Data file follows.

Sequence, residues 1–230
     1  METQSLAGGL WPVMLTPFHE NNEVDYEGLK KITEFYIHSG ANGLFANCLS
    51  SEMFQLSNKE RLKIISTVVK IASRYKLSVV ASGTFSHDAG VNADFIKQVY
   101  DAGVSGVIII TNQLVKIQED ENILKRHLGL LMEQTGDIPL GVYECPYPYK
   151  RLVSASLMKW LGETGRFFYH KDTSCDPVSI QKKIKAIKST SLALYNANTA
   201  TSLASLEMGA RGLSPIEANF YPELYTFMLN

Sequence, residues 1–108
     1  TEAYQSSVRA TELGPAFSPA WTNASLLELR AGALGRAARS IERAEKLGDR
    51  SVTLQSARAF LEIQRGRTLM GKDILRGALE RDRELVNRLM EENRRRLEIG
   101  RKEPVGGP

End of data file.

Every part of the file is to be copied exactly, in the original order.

Sequence, residues 1–230
     1  METQSLAGGL WPVMLTPFHE NNEVDYEGLK KITEFYIHSG ANGLFANCLS
    51  SEMFQLSNKE RLKIISTVVK IASRYKLSVV ASGTFSHDAG VNADFIKQVY
   101  DAGVSGVIII TNQLVKIQED ENILKRHLGL LMEQTGDIPL GVYECPYPYK
   151  RLVSASLMKW LGETGRFFYH KDTSCDPVSI QKKIKAIKST SLALYNANTA
   201  TSLASLEMGA RGLSPIEANF YPELYTFMLN

Sequence, residues 1–108
     1  TEAYQSSVRA TELGPAFSPA WTNASLLELR AGALGRAARS IERAEKLGDR
    51  SVTLQSARAF LEIQRGRTLM GKDILRGALE RDRELVNRLM EENRRRLEIG
   101  RKEPVGGP